Only when the regulatory body is convinced that not just the final product, but also each step that led to the final product was properly conducted, is the final approval for commercial manufacture, sale and marketing provided to the pharmaceutical company.
Different Rules For Ayurveda, Unani or Siddha Medicine
In contrast, Ayurvedic, Siddha or Unani medicine, which fall under the legal regime of the same central act as pharmaceutical drugs, i.e. the Drugs and Cosmetics Act, are tested on only two criteria: faithfulness to the recipe as provided in traditional texts, and hygiene of the premises where such drugs are manufactured. Where the Clinical Trial Rules dealt with clinical drugs, Part XVI of the Drugs Rules deals with Ayurvedic drugs.
Rule 157(1) of Part XVI requires the premises to be hygienic, and Rule 158B(1)(A) requires the product to be “manufactured exclusively in accordance with the formulae described in the authoritative books of Ayurvedic, Siddha and Unani Tibb system of medicine”. No other testing criterion has been made mandatory for Ayurvedic, Siddha or Unani drugs under Indian law.
Ayurvedic, Siddha or Unani drugs are not tested to ensure their safety, they are not tested to ensure their efficacy, they are not tested to determine their immunogenicity, pharmacodynamics, pharmacokinetics, or any of the myriad physical and chemical characteristics and benchmarks that clinical medicines are tested upon under the Drugs Act in India.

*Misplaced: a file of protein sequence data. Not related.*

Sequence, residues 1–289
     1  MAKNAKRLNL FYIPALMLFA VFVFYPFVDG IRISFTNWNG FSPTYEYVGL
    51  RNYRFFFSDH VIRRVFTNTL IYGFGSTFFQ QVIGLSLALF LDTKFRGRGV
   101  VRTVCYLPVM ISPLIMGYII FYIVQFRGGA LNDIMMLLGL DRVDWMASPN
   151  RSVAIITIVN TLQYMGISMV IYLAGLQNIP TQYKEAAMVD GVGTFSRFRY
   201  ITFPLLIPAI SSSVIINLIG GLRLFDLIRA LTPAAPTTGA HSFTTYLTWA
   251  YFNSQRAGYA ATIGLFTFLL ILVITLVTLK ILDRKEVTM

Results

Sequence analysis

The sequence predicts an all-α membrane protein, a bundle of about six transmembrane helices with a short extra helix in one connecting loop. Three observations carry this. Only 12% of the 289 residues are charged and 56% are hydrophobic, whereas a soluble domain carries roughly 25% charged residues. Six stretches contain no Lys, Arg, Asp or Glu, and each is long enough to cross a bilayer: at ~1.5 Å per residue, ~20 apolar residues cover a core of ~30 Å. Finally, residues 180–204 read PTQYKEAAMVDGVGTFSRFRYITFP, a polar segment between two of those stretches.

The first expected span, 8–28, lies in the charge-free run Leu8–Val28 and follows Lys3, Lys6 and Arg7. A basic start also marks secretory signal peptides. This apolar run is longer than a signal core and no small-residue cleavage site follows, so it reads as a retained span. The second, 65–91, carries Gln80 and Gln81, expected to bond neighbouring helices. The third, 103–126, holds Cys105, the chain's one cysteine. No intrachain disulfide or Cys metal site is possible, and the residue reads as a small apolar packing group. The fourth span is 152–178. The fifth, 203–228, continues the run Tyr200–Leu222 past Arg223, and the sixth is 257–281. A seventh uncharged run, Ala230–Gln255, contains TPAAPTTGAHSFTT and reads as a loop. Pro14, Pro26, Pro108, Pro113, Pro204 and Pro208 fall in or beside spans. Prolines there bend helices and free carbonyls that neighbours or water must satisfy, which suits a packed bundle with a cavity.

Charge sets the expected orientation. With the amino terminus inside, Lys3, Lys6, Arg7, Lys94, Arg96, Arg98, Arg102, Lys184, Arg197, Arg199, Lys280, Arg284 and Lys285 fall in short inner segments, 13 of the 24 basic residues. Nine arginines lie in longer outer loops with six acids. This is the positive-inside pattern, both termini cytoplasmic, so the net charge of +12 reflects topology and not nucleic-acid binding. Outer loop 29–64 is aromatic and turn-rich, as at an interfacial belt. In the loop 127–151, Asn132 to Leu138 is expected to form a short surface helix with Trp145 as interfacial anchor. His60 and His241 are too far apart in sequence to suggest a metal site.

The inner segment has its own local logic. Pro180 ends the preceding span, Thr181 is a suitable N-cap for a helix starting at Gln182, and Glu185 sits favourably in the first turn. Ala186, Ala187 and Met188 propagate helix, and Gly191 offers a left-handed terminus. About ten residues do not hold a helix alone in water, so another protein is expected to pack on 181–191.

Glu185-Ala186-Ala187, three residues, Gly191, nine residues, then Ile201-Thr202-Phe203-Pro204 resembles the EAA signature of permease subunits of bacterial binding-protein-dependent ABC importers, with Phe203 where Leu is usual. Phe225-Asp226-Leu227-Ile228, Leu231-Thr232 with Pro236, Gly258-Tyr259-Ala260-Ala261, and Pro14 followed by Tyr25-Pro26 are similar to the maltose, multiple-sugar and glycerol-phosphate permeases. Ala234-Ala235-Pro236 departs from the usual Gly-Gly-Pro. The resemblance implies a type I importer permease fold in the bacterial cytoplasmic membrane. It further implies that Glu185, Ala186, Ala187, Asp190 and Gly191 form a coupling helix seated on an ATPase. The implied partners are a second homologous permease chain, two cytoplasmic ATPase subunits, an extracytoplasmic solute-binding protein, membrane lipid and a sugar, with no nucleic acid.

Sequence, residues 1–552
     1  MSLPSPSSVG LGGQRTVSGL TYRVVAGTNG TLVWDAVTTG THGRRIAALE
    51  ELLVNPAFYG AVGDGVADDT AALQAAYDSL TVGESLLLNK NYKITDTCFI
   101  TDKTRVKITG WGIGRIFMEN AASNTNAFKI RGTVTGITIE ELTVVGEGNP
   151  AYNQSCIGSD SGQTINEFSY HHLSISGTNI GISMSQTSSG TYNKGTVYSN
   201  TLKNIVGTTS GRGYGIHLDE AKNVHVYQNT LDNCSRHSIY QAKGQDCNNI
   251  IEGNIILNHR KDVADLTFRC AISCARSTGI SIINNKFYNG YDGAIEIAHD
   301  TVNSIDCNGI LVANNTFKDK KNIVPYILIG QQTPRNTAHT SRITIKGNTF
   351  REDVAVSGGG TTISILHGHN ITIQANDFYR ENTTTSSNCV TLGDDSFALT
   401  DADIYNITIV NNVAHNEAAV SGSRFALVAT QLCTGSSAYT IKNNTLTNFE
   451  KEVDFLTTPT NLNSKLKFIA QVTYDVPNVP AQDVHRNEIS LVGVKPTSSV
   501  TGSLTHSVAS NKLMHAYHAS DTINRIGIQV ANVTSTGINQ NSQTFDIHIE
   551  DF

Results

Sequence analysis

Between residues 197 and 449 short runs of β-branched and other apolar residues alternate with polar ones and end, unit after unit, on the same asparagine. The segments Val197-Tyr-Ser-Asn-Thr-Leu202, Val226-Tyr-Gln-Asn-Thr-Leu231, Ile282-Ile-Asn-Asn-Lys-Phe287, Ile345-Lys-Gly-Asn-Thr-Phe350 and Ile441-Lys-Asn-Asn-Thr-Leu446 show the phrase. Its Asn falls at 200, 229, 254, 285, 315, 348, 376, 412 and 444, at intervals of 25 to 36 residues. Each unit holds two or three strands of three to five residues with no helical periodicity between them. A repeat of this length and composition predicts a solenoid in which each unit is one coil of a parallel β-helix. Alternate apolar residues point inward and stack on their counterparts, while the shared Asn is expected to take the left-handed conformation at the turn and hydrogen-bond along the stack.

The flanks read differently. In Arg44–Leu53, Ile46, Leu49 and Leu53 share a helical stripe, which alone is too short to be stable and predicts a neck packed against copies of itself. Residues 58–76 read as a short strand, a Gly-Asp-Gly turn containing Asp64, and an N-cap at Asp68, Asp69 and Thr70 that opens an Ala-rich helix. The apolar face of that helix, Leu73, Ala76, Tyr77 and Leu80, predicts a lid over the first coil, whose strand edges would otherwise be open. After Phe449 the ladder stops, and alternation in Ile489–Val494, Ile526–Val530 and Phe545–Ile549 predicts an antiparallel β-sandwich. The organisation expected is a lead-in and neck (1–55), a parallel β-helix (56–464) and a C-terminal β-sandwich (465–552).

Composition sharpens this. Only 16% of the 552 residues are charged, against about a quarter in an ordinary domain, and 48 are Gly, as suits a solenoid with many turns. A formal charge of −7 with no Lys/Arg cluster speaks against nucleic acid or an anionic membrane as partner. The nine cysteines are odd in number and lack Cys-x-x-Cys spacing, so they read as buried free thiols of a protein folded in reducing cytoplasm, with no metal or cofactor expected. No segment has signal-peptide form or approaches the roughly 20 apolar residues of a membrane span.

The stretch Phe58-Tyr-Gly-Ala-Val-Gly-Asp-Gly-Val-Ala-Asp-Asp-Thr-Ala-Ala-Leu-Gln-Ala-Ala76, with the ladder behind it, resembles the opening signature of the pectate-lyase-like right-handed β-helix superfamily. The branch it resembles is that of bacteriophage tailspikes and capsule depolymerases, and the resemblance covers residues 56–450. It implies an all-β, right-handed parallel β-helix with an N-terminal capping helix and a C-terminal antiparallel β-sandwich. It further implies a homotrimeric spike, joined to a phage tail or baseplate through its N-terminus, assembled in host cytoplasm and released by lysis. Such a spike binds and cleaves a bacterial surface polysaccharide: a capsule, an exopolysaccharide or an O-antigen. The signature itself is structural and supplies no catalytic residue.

In fact, Rule 158B of the Drugs Rules explicitly states that safety studies and proof of effectiveness are not required. The only thing that is required under Rule 158B is that the medicine must be as described in published literature. Schedule I of the Drugs Act lists 58 books of Ayurveda, 25 books of Siddha and 14 books of Unani medicine. As long as the medicine proposed to be sold finds mention in any of these books, it has absolutely no need for any tests regarding safety, or to prove effectiveness.
Traditional Medicine Must Undergo Clinical Trials For Its Own Sake
The assumption being that since knowledge of these drugs has been received from the Ayurveda, they are already known to be safe and efficacious. We need run no further tests. The difference between “received knowledge” and “evidence-based knowledge” is not that one works and the other doesn’t. The difference is that “evidence-based knowledge” can be challenged and tested and re-tested and modified and even rejected. “Received knowledge” must be accepted as it is. Testing of Ayurvedic medicines is not then unnecessary, it is unthinkable. This is codified in Indian law. However, good clinical trial practices should not be seen as anathema to traditional medicine.
Instead, the scientific method is an opportunity for India to share its wealth of knowledge and wisdom with the world and with science.
It is difficult to understand why Indian law would discourage inquiry into the subcontinent’s treasure trove of medical literature. We live in the land of Charak and Sushrut, but we must recognise that we no longer live in the times of Charak and Sushrut. Testing of Ayurvedic, Siddha and Unani medicine through the lens of the scientific method will turn the forcibly unquestionable to truly unquestionable.